Hiccuped calls of “you” echoed through the dark performance space on Thursday as four dancers wandered the length of the stage. Clad in black flowing clothes, they lurked in dark corridors next to the audience.
The dancers' calls varied from short staccato-ed yelps to low soulful yowls as they shuttered, whispered and jolted to low waves of static.
“What Remains” was performed at the Walker Art Center this weekend, following appearances in New York, Chicago and New Haven.
A collaboration between renowned poet Claudia Rankine, choreographer Will Rawls and filmmaker John Lucas, “What Remains” calls its audiences to join the four dancers in a void space that sacrifices lucidity and cohesion, making a point about the surveillance of black bodies in America.
“[There are] practices for making your body and voice appear in this space in ways that are unexpected or grotesque,” said Tara Aisha Willis, one of the dancers in "What Remains." “What can you accomplish when you actually lean into the other possibilities for your body and your voice that don’t kind of follow that linear trajectory [the audience expects]?”
Throughout the show, performers babble nonsensical words, play with a microphone set to a high-pitched frequency and drag a massive disco ball on the ground so it sends light bouncing in circles on the walls.
The piece doesn’t appear to have a consecutive beginning-middle-end. Dancers who lucidly recite poems eventually dissolve back into the garbled speaking and jumbled body movements of the show's opening.
Audience members drawn to the performance by the lure of a dancing-poetic experience or admiration for the big-name creators on the playbill may have been uncomfortable, not knowing exactly what they were viewing or how it should make them feel.
The dancers encouraged this.
“It is a kind of a privilege … to think that you need to know everything or to think that you deserve to know everything or [that] everything should be made accessible to you,” said Jeremy Toussaint-Baptiste, a dancer and sound designer for the show. “It’s not about you.”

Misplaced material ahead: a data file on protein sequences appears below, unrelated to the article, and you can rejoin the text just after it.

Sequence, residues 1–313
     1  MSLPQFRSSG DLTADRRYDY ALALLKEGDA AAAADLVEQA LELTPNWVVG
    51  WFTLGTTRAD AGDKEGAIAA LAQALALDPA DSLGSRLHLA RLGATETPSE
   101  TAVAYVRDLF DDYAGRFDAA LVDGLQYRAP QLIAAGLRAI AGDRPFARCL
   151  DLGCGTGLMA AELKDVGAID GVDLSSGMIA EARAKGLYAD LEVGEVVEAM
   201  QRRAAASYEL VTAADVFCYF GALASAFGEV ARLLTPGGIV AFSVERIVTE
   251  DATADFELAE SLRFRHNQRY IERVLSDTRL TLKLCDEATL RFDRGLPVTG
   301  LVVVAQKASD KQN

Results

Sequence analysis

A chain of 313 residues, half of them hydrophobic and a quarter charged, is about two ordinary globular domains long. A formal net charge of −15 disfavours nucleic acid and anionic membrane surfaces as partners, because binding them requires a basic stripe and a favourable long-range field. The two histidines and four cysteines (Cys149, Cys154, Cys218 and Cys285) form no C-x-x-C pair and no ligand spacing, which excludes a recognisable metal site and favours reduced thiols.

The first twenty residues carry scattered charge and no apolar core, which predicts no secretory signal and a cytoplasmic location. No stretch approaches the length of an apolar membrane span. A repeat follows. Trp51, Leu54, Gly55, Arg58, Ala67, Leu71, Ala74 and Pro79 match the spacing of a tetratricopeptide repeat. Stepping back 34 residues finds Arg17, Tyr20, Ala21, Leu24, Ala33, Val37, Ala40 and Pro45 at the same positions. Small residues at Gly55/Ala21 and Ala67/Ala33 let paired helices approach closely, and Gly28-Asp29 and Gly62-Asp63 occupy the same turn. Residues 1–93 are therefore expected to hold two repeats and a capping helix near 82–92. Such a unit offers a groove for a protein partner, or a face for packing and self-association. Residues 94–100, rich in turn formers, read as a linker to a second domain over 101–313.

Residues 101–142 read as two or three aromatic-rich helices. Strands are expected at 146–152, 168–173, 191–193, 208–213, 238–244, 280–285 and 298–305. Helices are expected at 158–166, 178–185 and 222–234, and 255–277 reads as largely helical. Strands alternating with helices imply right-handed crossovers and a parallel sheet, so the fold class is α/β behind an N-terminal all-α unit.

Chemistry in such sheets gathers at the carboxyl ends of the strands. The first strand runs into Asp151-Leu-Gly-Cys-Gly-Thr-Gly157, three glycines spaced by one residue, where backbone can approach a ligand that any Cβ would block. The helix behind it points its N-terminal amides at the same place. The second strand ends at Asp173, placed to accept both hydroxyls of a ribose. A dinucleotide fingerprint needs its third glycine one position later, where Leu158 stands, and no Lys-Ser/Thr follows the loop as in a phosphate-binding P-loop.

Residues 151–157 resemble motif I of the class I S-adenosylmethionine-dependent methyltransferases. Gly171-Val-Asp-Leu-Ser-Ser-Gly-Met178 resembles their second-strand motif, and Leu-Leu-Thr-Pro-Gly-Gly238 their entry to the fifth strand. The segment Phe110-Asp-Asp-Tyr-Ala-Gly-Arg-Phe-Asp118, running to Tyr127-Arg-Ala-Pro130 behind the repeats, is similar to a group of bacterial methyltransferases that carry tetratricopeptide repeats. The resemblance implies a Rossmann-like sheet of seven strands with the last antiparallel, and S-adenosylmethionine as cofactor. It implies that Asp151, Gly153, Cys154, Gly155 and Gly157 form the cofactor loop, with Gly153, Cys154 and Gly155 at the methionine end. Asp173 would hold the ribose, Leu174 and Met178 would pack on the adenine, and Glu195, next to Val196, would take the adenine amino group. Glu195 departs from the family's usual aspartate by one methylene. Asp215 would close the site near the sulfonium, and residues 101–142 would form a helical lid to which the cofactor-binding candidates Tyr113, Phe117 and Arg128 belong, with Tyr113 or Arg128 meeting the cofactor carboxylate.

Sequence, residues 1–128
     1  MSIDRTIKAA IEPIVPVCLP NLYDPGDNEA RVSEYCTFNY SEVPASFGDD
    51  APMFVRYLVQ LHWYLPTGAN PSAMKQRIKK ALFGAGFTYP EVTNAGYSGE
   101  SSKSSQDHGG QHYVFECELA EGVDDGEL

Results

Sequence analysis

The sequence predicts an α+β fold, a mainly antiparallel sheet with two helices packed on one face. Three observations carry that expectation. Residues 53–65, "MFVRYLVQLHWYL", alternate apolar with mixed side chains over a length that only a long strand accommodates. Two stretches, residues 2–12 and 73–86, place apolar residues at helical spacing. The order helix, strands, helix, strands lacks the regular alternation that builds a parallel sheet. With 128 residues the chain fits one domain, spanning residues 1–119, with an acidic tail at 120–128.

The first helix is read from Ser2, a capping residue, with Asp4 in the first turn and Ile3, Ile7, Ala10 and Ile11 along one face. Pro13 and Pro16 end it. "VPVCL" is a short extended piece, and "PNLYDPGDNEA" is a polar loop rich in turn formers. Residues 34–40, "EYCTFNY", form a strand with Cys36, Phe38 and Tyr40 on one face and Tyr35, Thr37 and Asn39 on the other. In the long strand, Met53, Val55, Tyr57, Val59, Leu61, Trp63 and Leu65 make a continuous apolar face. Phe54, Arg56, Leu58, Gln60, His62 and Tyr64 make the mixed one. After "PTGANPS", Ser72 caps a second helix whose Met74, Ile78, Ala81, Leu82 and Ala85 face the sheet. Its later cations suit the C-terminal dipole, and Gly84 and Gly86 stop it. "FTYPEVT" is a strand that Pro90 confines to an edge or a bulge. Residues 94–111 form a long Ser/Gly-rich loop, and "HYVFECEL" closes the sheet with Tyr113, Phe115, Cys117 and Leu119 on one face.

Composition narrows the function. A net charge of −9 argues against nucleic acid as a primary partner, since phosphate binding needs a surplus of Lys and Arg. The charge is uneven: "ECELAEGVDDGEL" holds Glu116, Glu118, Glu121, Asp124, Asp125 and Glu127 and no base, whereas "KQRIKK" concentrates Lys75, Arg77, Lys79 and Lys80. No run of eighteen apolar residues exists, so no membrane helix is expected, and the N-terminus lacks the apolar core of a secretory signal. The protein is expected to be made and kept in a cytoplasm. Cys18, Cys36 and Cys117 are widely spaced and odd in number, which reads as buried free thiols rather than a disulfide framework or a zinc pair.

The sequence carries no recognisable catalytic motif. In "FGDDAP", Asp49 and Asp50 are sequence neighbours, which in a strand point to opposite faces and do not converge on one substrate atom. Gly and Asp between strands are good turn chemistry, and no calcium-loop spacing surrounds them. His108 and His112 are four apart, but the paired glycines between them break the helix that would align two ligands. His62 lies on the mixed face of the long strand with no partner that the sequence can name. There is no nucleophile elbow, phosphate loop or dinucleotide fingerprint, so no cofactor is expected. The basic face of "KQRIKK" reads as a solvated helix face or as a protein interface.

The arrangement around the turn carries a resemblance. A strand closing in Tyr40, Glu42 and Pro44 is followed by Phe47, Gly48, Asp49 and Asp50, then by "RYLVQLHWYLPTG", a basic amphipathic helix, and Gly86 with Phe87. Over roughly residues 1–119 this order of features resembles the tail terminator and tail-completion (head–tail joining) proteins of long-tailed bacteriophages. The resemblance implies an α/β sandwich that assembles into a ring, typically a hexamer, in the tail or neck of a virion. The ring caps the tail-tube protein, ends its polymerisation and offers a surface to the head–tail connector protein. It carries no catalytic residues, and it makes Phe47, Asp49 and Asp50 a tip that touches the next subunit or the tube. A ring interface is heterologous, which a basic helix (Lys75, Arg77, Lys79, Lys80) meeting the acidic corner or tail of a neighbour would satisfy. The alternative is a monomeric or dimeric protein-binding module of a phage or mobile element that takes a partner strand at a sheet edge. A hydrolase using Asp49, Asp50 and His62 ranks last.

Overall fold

According to Touissaint-Baptiste, this “not-knowing” and discomfort is a sign of growth.
“[It] is so fortunate to be able to sit in something for an hour and not know what you’re seeing and actually be challenged,” he said. “And I always like to be an audience member who has to do some work.”
The depiction of black bodies changes over the course of the show, aided by costuming and lighting. Lighting equipment traditionally used in photoshoots is pointed away from the performers on stage.
Willis said this light manipulation plays into the idea of spectacle and surveillance, which is especially prevalent in her daily life.
Even as the dancers begin to act more rationally, changing into more form-fitting clothing, the audience is obscured from seeing their bodies fully.
“We become figures in the end but then the lighting is not there for you to see us,” said performer Leslie Cuyjet. “We’re people in the end, but we’re not like giving it all away either.”
For the dancers, fostering dialogue and establishing a community around movement allowed for the creation of this type of performance.
“I think it was really important to create a world for us first that spoke not only to us as a group and as individuals, but also [to] the connections between all of us,” said Cuyjet. “For most of my career, I couldn’t say that I would have been able to walk onto stage with that amount of confidence and security and safety. Because I know that’s our positioning in the work, and this is what we’re cultivating every time we do it.”